I will admit, that while I felt like a bit of an idiot when this happened (because I wasn’t familiar with the test and FAI in general), it was a GREAT learning opportunity to watch someone with more education, more experience, and let’s face it smarter than me do their work. Fortunately the doctor was pretty gracious in sharing her knowledge with me, and it made me look at the research on this and write this blog…so I learned a lot. 

The Science Of Placebo


What does the word placebo mean?

Does the placebo effect involve actual health benefits or just imagined benefits?

Is placebo “mind over body” or “all in your head”? Is it unethical to provide a client with placebo treatments? And what about nocebos?

In this article, I’ll answer these questions and discuss some fascinating research by Fabrizio Benedetti and colleagues.

After reading this you will have a better understanding of placebo, and you might even stop using the word, because it’s fairly ambiguous, and often a poor explanation for why a treatment helps someone to move better or feel better.

What Exactly Is The Placebo Effect?

Placebo is a confusing term because it means different things when used in different contexts.*

For purposes of this article, it has the following meaning: A placebo is a treatment that reduces symptoms only because the patient expects a benefit, not because the treatment itself has any effect.

For example, a sugar pill can be a placebo that will improve a headache only if the person taking the pill expects that it will provide benefits. But if the person does not expect benefit, it’s no longer a placebo, and does nothing.

The placebo effect is the physiological process by which expectations about a treatment cause changes in the brain that initiate an improvement in symptoms. These changes are real, not imagined.

In other words, if someone experiences a real placebo effect, they are not just imagining some improvement – there are objective and measurable changes in their physiology to prove it.

The nocebo effect is basically the opposite: It causes negative changes in symptoms (e.g. more pain and reduced function) when there is an expectation that an otherwise harmless stimulus will cause harm.

Clearing Up Mind-Body Confusions

Placebo is often described in terms of a “mind-body connection.”

This suggests it involves some sort of mysterious process, or that we need to radically change our way of thinking to understand it.

But in fact, the connection between abstract thought and events in the body should be intuitive and trivially obvious. If I form an intention to reach for a cup, my hand actually reaches for the cup! If I think there is an intruder in my house, my heart will beat faster and I may begin to sweat. If I spend my life worrying, I increase my risk of headaches and heart attacks.

So we already know that thoughts affect the body.



In other words, the placebo effect does not involve anything magical. It is one of many ways that our cognition affects our physiology. But it is a very interesting and clinically relevant phenomenon because it reveals the mechanisms by which our thoughts and expectations affect the way we move and feel.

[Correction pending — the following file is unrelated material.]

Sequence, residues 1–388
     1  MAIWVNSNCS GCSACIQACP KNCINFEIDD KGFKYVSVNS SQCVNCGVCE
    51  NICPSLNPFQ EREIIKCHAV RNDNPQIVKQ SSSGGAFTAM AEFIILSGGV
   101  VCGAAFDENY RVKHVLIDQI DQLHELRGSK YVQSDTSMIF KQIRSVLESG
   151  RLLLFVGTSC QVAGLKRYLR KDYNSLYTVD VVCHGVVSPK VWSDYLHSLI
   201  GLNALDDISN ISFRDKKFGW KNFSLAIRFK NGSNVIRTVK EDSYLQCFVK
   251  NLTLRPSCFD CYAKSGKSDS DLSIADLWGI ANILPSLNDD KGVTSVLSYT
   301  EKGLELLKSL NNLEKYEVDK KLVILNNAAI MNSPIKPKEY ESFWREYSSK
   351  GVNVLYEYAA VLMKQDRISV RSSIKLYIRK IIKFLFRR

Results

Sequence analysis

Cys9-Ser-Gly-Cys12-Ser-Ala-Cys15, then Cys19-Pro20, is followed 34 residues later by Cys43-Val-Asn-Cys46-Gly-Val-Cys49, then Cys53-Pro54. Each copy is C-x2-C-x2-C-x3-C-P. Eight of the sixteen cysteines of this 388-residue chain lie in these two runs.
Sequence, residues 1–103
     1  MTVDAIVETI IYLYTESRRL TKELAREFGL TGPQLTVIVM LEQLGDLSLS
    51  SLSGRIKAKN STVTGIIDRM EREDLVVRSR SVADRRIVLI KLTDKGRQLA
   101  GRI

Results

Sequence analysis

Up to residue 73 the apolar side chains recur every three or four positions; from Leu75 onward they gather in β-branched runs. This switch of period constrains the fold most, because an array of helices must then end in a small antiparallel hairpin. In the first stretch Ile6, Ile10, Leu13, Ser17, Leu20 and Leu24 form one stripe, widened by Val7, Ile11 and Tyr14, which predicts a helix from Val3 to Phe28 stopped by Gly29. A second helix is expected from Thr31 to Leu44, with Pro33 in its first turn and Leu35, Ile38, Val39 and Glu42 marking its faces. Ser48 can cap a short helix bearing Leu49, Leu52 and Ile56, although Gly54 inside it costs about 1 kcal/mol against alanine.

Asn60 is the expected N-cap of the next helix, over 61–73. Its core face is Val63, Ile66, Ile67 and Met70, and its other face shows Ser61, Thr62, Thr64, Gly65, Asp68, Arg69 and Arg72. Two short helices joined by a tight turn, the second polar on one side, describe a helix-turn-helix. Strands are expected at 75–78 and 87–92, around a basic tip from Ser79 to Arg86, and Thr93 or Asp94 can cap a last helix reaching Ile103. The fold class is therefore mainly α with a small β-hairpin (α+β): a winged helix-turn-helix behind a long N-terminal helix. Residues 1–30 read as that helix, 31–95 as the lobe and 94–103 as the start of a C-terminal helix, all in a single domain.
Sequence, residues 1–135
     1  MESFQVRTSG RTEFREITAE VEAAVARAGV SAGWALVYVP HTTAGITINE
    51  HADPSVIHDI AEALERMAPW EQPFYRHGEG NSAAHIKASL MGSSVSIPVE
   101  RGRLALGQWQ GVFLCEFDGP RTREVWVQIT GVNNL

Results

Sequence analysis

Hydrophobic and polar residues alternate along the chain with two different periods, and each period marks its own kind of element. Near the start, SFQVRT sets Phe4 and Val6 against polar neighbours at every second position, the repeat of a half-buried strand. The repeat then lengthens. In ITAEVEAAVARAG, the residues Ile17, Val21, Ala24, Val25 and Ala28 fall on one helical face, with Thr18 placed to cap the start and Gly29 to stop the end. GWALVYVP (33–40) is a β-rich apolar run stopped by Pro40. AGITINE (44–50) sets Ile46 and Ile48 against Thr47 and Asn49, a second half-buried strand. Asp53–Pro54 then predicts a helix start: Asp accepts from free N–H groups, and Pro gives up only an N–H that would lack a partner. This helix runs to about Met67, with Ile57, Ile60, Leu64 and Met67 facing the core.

What Can The Placebo Effect Do?

Placebos can cause changes in pain level, motor control, muscle tension, strength, endurance, energy level, depression, immune response, heart rate, and glucose level.

They can even make you drunk!

But placebos don’t help with everything. They won’t cure cancer, make you taller, and they probably don’t help with asthma. Placebo effects are often significant. In the case of pain, they can change self-reported pain scores two points on a ten-point scale.



The rest of the article will focus on placebo effects as they relate to pain.

How Does The Placebo Effect Work To Reduce Pain?

The easiest way to understand how a placebo can affect pain is by considering the purpose that pain serves.

Pain is an unpleasant feeling designed to protect you from perceived threat to the body.

Placebos alter the perception of threat and therefore the pain. And that works as follows. The brain is always in the process of unconsciously analyzing threats to the body, based on all the information it can gather. This information comes from a wide variety of sources, including sensory data from the body, visual data from the eyes, memories, opinions, and, importantly, information that is provided by medical authorities.

Thus, when a doctor tells you something about some condition in your body, or the medicine intended to treat it, this becomes part of the evidence base from which your brain unconsciously determines whether pain is needed to protect you from that condition. Put another way, your opinions about the effects of a placebo treatment become one of many cognitive inputs that modify the output of pain.



The research of Benedetti and others has identified three different patterns of mental processes that create the placebo effect: (1) expectations of benefit; (2) reduction of anxiety; and (3) learning through association. Let’s look at each in turn and the associated physiological processes.

Expectation Of Reward